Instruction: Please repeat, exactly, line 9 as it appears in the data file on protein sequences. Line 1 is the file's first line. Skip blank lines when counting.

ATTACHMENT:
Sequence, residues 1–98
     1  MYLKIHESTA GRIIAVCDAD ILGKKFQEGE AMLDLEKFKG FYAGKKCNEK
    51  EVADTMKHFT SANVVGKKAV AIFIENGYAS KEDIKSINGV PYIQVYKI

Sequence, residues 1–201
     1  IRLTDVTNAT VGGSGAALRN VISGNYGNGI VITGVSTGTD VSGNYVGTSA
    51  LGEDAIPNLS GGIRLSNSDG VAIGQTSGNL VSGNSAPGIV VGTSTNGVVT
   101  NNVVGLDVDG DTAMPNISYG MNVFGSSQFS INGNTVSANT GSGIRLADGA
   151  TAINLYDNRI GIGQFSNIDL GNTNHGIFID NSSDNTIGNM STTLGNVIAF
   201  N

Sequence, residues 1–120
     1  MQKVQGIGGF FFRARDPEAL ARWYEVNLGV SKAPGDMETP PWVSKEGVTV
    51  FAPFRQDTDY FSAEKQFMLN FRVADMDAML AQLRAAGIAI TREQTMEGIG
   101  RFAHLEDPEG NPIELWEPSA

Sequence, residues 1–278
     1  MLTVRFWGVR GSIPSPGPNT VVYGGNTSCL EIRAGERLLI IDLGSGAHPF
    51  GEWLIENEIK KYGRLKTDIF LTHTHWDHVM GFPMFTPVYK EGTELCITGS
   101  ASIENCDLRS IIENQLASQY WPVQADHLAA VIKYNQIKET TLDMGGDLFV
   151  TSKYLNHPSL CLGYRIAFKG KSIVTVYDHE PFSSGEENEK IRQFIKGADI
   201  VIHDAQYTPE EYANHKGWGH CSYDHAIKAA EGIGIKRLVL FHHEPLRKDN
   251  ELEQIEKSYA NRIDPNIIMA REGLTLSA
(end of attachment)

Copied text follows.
   201  N